Movie review: “7 Seconds”

Don’t bother watching this, unless you like gratuitous violence and some seriously bad acting. Definitely not a feel-good Easter Sunday kind of movie.

The bare bones of the plot are as follows: 7 Seconds is a 2005 action film that was directed by Simon Fellows and shot in Romania. The two main actors are Wesley Snipes, who plays Jack Tulliver, an ex-soldier-turned-professional-thief, and pretty Tamzin Outhwaite, who plays a NATO military cop, Sgt Kelly Anders. It starts with a very complicated armoured heist, planned down to the last detail by Tulliver and involving decoys, car chases, and a beautiful young double-crossing woman.

The heist goes wrong when a rival group of thieves viciously mows down Tulliver’s entire group with machine guns (in sharp contrast to the military precision of Tulliver’s group who don’t kill but merely temporarily incapacitate their adversaries). They capture the young woman (Susan), and chase Tulliver all around the city, when they realise that he has left behind the bags of money, but run off with a mysterious metallic case. Trying to escape them, he carjacks Kelly Anders, a blonde bombshell with brains, brawn and bravery, with whom he engages in a bit of strictly verbal sexual sparring. But you just know they’re going to have to do the deed at some stage….

The two of them become reluctant partners in the quest to save Susan from a wild-eyed Romanian madman (note, since the end of the Cold War, it is no longer politically correct to use Russians in these roles), who seems to suffer from an incurable disease that makes him shake all over and incapable of aiming a gun and shooting straight (I guess that gives you a pretty good chance of escaping?). I have no idea why his knuckle-cracking goons haven’t deposed him yet, but perhaps they can’t think that far ahead.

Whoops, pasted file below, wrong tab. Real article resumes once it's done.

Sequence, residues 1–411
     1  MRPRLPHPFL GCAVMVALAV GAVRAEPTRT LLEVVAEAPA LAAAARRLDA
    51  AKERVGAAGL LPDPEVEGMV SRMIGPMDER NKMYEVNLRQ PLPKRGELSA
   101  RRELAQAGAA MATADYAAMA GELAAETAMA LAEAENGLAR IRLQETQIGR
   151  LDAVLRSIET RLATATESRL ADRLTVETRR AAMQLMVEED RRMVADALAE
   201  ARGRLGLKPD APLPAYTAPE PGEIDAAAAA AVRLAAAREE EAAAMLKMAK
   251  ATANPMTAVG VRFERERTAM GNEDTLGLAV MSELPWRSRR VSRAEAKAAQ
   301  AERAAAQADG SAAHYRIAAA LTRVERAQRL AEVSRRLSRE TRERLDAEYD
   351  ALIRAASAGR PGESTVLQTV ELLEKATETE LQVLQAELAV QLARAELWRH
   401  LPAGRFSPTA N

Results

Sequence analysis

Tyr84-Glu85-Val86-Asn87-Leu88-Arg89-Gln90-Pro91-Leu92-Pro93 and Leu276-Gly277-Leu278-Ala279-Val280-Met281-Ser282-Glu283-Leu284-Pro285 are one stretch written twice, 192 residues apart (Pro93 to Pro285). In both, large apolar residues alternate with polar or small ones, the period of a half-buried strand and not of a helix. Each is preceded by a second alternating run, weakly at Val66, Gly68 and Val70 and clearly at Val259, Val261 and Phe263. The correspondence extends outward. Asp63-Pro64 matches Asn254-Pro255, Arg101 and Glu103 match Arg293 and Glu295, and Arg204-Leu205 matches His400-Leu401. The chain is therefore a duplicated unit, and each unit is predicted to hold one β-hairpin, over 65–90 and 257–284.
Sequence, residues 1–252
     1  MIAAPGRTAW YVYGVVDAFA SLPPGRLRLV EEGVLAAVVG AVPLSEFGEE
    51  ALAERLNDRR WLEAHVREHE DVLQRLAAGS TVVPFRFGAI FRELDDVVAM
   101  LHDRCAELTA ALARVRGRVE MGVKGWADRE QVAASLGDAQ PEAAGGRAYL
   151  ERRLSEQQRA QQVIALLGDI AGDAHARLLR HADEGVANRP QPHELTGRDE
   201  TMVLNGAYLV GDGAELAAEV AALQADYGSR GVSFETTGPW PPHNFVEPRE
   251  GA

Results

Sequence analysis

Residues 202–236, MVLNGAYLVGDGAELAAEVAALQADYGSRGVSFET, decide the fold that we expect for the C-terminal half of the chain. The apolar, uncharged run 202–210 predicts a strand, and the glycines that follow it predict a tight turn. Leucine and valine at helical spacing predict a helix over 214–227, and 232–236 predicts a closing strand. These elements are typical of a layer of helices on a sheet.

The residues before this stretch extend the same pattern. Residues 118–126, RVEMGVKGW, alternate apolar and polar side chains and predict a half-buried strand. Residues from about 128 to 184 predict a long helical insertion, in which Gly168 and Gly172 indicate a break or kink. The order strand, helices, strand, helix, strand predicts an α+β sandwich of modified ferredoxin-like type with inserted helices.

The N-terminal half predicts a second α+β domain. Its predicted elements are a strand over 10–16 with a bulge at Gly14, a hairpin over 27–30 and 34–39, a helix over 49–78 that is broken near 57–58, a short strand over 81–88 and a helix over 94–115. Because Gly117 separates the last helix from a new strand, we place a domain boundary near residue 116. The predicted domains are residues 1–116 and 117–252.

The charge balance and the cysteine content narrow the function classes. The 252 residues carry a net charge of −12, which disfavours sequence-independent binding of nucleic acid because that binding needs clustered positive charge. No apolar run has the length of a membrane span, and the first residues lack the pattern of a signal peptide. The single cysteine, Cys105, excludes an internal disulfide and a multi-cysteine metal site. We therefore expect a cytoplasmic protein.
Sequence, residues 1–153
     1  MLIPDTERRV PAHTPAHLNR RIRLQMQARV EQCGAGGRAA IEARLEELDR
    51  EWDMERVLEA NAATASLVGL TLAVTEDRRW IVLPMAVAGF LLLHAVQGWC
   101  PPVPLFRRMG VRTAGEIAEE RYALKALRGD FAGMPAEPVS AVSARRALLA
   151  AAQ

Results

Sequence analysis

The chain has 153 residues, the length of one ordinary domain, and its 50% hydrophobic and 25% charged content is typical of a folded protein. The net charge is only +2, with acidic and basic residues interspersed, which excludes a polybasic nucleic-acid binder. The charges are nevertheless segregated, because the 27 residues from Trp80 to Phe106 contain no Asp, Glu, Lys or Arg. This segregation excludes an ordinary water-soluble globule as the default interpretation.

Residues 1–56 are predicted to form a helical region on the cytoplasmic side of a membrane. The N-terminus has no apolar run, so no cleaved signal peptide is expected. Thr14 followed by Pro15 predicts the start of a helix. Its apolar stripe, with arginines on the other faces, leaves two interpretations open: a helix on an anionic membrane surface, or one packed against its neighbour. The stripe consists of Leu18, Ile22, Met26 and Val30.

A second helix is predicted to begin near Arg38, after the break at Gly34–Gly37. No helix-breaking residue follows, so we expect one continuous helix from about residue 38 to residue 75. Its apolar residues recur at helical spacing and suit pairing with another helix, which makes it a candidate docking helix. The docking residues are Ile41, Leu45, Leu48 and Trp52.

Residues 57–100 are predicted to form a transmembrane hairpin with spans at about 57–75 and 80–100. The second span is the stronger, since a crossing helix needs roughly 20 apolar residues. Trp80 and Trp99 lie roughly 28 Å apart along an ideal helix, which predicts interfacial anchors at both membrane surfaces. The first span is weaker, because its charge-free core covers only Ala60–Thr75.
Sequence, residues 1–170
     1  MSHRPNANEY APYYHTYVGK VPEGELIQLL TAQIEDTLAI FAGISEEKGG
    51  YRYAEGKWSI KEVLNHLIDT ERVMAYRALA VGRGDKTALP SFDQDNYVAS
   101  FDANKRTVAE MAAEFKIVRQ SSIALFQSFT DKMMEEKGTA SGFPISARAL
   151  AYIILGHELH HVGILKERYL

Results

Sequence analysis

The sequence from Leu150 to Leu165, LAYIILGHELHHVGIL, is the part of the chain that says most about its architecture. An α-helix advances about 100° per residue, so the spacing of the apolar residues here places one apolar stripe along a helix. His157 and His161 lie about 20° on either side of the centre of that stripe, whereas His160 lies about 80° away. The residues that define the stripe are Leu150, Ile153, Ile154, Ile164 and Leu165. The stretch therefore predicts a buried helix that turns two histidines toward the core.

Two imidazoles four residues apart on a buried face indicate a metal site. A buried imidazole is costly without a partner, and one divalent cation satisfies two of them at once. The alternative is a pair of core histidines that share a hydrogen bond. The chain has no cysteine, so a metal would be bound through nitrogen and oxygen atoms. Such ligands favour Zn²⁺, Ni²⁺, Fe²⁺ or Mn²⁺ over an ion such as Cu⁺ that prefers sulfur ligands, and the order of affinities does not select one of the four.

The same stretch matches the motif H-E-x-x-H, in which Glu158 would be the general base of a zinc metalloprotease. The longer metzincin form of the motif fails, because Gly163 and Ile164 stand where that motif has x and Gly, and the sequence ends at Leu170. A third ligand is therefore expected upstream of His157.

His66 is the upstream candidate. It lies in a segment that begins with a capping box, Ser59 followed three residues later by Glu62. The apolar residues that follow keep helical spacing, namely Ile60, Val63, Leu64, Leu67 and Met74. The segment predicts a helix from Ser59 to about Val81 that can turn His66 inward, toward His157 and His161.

The rest of the movie involves a few gruesome scenes of torture (Richard mumbling soothingly in my ear “It’s just a movie, it’s just a movie…”), some pretty nifty hand to hand combat, and an obligatory shoot-out with rattling machine guns – frightfully inelegant.  

It turns out that the case contains what is supposedly a Van Gogh painting, “Lilies in the Field”, which was in the process of being validated. Ironically, although it is revealed in the movie that the painting is not a fake, I have not been able to locate it anywhere on the web (catalogue of Van Gogh’s paintings) . So I am left wondering whether they made it up…

“The title refers to the timers at the beginning of the film, which are set at 00:07 (7 seconds).” (Wikipedia). Other than this rather obscure reference to a detail that is actually quite irrelevant to the plot, I don’t see any deeper significance to the name of the movie.

I figure there was a good reason why this was released directly to DVD, rather than to the big screen first.

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For other movies we’ve watched in March, click on:

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